​​Dr. Scott McNaught with students in the mesocosm facility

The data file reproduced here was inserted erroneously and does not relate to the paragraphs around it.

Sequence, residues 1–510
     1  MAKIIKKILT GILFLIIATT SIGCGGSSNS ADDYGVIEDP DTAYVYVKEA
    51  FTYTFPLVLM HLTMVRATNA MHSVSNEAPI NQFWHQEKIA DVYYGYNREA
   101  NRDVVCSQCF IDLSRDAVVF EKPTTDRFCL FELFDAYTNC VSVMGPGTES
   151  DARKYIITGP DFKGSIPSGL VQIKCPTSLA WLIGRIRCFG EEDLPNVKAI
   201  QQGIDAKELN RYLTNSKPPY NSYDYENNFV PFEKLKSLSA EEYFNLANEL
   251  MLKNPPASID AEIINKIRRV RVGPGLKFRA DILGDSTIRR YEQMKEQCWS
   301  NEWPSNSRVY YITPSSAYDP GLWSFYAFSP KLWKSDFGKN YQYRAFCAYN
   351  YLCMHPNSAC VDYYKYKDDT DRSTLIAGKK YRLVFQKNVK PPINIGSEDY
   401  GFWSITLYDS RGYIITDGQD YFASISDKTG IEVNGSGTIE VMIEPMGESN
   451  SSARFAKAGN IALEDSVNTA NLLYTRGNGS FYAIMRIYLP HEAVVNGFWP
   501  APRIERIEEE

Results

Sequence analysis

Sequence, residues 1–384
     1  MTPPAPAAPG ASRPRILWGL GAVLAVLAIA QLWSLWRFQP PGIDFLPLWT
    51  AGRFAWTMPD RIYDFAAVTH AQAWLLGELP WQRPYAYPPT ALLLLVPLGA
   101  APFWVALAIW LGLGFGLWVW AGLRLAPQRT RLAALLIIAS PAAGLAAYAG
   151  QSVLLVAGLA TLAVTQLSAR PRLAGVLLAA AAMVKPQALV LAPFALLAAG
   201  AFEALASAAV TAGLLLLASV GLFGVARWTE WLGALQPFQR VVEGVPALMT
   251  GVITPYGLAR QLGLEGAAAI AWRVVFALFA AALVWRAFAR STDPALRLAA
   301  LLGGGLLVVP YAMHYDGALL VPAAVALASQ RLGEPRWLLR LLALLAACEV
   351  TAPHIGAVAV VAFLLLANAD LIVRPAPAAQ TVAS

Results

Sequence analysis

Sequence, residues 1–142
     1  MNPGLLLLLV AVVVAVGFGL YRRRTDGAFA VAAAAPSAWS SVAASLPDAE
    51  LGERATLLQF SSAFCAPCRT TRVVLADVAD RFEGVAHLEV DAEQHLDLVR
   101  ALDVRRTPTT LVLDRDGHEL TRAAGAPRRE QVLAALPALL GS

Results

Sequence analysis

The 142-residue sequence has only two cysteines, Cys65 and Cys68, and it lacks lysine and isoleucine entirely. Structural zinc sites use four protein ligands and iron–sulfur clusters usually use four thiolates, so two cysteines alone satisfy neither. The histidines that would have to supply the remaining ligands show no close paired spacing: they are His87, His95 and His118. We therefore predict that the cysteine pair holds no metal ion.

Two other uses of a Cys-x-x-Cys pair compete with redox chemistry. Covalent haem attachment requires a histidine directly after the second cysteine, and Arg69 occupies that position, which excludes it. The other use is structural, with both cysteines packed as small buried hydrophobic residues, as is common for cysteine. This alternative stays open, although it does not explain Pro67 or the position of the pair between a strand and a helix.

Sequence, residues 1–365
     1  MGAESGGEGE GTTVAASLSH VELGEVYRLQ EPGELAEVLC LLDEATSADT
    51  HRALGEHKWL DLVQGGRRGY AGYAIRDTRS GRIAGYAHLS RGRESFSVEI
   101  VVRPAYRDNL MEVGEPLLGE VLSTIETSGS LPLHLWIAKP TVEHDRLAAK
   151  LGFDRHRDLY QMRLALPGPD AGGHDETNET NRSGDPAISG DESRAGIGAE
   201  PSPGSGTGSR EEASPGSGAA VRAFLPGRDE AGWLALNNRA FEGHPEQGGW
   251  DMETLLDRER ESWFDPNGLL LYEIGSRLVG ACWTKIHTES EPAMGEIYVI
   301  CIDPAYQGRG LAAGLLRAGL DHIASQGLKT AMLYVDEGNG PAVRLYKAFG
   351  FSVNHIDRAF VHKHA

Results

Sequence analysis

The CMU boathouse on Whiskey point houses 12 mesocosms (each a 250-gallon tank representing a small experimental aquatic ecosystem) that can be filled (when the lake is stratified during the summer) with warm nutrient-depleted water pumped from the surface of Lake Michigan or cold nutrient-rich water from below the thermocline; this is the only facility within the Great Lakes basin with this capability.  The tanks can either be used for batch culture or continuous-flow experiments.  Each tank can be illuminated from above by programmable lights capable of providing full solar radiation and equipped with aeration, chillers, heaters, and metering pumps to deliver known doses of nutrients or contaminants. The environmental conditions in each tank can be continually controlled and monitored by a computerized system. This is a state-of-the-art facility that acts as a conduit for generating high quality peer-reviewed publications by CMU researchers and external collaborators.  The mesocosm facility allows CMU faculty and students to design replicated experiments to examine the effect of multiple variables on ecological processes. The results provide new insights into the probable responses to global climate and general environmental change, and hence not only advance the f​ield of aquatic ecology, but provide natural resource managers and policy makers with the critical information required to make scientifically informed decisions.